On Friday, October 29, 2005 many young people in Carson City, Nevada donned costumes. A few may have chosen on that day to try-on their intended Halloween costume. The majority of those young people, however, had joined the many adults who were preparing to march in the annual Nevada Day parade.
Nevada Day celebrates the date of October 31, 1864, the day when Nevada became the 36th state to join the union of states known as the United States. For many decades the citizens of Nevada celebrated Nevada Day on October 31st. Beginning in the late 1990s, however, the residents of Nevada realized that Nevada Day is a great excuse for an extra three-day holiday. Therefore, the citizens of Nevada voted to celebrate Nevada Day on the last Friday in October.
While the vote in favor of this change took place on November 3, 1998, the actual placement of Nevada Day on the last Friday of the official state calendar did not occur until October of 2000. Ever since October of 2000 Nevada Day is celebrated throughout Nevada on the final Friday in the tenth month of the year. The Nevada Day parade then takes place on the following Saturday.
The other events of the annual three-day weekend can occur at any time during those three days. And there are many interesting events taking place that weekend. Some of the events occur, like the parade, on the ground. There is a tour of historic homes in the area, a masked ball called the 1864 Grand Ball and a longest beard contest.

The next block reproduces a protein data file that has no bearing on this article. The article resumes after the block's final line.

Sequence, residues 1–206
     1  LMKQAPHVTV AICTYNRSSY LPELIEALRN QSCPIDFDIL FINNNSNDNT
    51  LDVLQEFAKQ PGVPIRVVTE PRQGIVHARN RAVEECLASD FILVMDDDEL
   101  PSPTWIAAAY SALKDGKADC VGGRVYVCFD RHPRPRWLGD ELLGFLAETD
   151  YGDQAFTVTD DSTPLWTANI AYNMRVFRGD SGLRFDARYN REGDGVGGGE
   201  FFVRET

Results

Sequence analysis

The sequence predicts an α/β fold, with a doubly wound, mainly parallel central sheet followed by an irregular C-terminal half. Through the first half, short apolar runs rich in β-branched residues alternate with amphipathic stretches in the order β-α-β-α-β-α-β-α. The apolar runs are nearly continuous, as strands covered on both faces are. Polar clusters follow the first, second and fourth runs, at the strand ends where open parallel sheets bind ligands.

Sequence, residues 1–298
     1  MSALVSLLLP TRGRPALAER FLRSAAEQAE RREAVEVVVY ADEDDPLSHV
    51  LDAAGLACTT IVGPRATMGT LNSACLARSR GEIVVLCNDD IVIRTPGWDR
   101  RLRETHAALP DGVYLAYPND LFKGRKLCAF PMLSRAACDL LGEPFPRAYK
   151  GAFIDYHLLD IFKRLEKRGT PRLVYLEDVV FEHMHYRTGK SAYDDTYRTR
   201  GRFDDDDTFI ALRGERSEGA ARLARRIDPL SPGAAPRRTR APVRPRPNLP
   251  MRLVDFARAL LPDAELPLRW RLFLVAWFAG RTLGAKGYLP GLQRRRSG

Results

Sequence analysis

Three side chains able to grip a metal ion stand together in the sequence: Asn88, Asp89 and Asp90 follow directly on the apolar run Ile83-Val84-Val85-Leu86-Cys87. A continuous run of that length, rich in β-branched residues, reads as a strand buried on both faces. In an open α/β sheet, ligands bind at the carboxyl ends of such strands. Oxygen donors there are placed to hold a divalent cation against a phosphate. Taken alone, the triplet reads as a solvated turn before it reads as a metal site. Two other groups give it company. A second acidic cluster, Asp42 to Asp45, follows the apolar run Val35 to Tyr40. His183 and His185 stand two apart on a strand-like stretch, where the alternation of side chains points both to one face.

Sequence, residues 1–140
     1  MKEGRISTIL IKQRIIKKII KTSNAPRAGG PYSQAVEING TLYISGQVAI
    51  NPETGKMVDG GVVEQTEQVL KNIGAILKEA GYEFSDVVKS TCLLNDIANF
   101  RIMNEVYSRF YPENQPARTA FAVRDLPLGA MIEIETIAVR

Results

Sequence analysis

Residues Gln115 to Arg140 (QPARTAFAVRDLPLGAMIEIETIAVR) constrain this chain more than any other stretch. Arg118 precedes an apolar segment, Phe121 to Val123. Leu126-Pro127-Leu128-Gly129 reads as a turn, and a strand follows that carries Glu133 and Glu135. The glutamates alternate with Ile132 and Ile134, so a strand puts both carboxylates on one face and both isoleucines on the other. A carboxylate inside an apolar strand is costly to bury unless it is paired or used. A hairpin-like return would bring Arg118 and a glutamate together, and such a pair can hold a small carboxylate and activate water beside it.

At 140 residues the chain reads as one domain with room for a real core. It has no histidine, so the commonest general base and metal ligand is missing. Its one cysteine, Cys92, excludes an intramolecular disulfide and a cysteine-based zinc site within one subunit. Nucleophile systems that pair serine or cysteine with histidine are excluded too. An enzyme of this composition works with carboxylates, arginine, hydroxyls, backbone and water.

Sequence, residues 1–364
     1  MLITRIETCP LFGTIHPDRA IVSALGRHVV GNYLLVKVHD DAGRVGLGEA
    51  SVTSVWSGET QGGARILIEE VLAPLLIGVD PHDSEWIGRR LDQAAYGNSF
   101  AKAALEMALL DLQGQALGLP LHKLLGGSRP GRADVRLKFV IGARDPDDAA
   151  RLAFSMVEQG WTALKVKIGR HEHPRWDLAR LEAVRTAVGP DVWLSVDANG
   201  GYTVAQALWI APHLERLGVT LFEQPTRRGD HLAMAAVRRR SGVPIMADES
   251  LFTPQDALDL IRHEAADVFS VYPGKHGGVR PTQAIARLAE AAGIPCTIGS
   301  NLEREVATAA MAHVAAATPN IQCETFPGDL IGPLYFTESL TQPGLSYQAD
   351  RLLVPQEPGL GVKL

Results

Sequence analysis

Other Nevada Day-related events take place in the air. At one point during the three-day weekend a large number of hot air balloons lift-off from a flat and unobstructed region of Carson City. At another point during those same three days the residents of Carson City look into the sky to watch the flyover by an Army or a Navy jet.
One wonders what Abraham Lincoln would think of the present-day Nevada Day celebration. President Lincoln initiated the celebration when he announced the fact that Nevada would be the nation's 36th state. He made the announcement in a telegram, a telegram that reached a world-record length. In fact, now that the Western Union has chosen to discontinue the sending of telegrams, the length of Lincoln's telegram will never be surpassed.
No doubt an Abraham Lincoln at a present-day Nevada Day celebration would be astounded at the sight and sound of a roaring military jet. He would probably want to rush somewhere and send another telegram. Then he would be surprised to learn that he needed to send an e-mail instead of a telegram.
Still, many of the events of the weekend serve as a reminder of what life was like back on October 31, 1864. Many of the events would be familiar to a returning President Lincoln. He would no doubt enjoy watching the longest beard contest. He might even enjoy the many young women at the 1864 Grand Ball. He would probably marvel at how different the hot air balloons of the present-day Nevada Day are from the balloons that existed more than 140 years ago, before there ever was a state of Nevada, or a Nevada Day.